Ransomware groups are of late increasingly targeting not only Windows computers, but Linux devices and ESXi virtual machines. We’ve already spotlighted the BlackCat gang, which distributes malware written in the cross-platform language Rust and is capable of encrypting such systems. Our experts analyzed two more malware families that recently appeared on the dark web with similar functionality: Black Basta and Luna.
Black Basta — ransomware for ESXi
Black Basta was first discovered in February. It exists in two versions: for Windows and for Linux, with the latter primarily targeting ESXi virtual machine images. A standout feature of the Windows version is that it boots the system in safe mode before encrypting. This allows the malware to evade detection by security solutions, many of which don’t work in safe mode.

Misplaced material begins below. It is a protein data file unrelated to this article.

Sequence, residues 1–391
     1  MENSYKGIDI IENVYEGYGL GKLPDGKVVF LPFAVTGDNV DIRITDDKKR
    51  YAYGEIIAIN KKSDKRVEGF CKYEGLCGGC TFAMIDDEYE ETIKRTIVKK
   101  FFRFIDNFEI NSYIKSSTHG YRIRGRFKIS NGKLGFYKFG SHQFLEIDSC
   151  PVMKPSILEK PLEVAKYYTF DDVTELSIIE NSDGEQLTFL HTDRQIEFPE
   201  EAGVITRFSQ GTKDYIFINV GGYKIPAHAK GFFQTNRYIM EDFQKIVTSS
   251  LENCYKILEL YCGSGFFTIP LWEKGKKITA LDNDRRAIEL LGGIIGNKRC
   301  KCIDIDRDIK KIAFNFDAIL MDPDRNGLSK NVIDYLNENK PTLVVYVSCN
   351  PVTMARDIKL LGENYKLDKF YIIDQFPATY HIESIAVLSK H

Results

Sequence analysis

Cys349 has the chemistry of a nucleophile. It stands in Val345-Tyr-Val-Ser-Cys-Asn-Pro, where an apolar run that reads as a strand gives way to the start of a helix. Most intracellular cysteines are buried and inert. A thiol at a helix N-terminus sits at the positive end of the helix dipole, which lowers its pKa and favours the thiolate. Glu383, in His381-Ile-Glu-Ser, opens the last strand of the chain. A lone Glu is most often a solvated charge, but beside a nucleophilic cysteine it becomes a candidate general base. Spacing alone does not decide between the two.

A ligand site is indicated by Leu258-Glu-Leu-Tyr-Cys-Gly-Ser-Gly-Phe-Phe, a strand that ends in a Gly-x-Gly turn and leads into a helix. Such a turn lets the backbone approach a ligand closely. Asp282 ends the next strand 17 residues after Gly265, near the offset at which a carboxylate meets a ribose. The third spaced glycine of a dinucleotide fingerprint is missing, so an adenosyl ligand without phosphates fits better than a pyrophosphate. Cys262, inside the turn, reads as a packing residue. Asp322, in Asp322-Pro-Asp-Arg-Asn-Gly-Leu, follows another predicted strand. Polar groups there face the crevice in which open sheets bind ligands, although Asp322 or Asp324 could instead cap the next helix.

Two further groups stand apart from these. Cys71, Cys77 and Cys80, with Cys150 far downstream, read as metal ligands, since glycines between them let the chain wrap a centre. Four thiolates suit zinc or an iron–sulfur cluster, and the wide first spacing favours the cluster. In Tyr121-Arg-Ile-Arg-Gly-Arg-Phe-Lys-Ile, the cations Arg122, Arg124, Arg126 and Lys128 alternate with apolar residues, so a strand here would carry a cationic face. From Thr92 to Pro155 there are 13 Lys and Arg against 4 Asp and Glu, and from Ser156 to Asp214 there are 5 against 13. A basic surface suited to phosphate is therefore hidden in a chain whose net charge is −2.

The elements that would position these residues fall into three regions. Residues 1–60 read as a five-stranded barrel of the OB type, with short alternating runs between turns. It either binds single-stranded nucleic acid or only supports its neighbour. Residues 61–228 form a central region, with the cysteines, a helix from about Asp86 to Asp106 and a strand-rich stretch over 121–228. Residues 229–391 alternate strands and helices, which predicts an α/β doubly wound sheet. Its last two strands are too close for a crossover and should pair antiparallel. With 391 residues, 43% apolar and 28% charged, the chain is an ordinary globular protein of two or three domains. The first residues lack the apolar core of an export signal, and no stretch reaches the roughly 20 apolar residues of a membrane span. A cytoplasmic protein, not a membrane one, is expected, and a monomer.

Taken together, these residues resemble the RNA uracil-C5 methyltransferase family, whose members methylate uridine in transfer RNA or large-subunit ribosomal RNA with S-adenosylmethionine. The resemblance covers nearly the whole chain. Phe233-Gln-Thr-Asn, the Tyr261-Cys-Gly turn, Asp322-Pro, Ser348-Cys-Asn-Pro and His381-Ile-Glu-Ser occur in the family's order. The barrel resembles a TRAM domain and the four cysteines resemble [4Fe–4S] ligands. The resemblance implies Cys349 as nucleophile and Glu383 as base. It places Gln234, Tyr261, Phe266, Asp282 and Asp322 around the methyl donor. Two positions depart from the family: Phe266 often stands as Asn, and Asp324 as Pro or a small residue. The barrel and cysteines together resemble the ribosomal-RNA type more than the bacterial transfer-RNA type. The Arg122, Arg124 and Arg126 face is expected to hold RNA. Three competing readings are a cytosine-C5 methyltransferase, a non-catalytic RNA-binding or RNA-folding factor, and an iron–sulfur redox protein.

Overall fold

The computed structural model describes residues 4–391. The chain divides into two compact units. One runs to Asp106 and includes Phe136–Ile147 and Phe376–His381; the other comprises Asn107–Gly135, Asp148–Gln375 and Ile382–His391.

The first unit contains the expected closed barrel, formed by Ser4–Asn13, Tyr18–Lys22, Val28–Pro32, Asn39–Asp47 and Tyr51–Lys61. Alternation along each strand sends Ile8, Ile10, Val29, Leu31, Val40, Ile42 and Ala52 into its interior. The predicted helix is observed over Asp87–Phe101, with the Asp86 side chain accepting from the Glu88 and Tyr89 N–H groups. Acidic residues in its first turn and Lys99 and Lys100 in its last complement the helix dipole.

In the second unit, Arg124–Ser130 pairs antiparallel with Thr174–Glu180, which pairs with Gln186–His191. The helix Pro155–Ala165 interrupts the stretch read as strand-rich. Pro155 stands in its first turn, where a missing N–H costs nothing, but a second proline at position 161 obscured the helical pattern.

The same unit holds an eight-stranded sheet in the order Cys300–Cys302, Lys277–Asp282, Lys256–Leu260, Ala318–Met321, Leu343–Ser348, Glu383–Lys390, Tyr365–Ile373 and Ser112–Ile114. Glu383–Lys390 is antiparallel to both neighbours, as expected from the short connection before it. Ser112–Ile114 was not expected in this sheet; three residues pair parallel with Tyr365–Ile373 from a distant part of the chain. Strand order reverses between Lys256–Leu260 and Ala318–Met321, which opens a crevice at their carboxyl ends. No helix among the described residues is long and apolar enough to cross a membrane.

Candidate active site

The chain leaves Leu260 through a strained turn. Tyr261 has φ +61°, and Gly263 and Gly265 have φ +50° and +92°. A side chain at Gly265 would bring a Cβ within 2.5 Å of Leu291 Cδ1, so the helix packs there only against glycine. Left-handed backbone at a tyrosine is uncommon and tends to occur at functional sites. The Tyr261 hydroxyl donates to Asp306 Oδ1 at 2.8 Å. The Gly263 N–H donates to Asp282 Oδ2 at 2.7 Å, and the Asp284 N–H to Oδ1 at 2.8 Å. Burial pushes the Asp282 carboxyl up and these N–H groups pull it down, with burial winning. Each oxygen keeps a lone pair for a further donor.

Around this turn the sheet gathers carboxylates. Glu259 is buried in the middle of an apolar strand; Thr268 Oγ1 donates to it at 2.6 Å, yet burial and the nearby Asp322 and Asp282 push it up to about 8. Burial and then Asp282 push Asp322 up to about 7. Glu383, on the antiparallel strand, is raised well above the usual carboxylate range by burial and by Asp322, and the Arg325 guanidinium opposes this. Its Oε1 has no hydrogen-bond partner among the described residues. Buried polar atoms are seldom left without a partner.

At the time of posting, Black Basta operators had released information on 40 victims, among them manufacturing and electronics firms, contractors, and others. According to Kaspersky, their targets are located in the U.S., Australia, Europe, Asia, and Latin America.
Luna — more Rust-based ransomware
Our researchers discovered the Luna malware in June. Also written in Rust, it’s capable of encrypting both Windows and Linux devices, as well as ESXi virtual machine images. In an ad on the dark web, the cybercriminals claim to cooperate only with Russian-speaking partners. This means that the targets of interest to the attackers most likely are outside the former Soviet Union. This is also evidenced by the fact that the ransom note embedded into the code of the ransomware is written in English, albeit with mistakes.
How to protect yourself from ransomware
Ransomware remains a serious threat to business. New players continue to appear on the market and quickly pick up on the most disruptive trends. To stay safe, you need to always be tuned in to the threat landscape and build your protection strategy based on it.
And remember that all internet-facing corporate devices must be equipped with security solutions, including servers running Linux — attacks on them have become more frequent recently.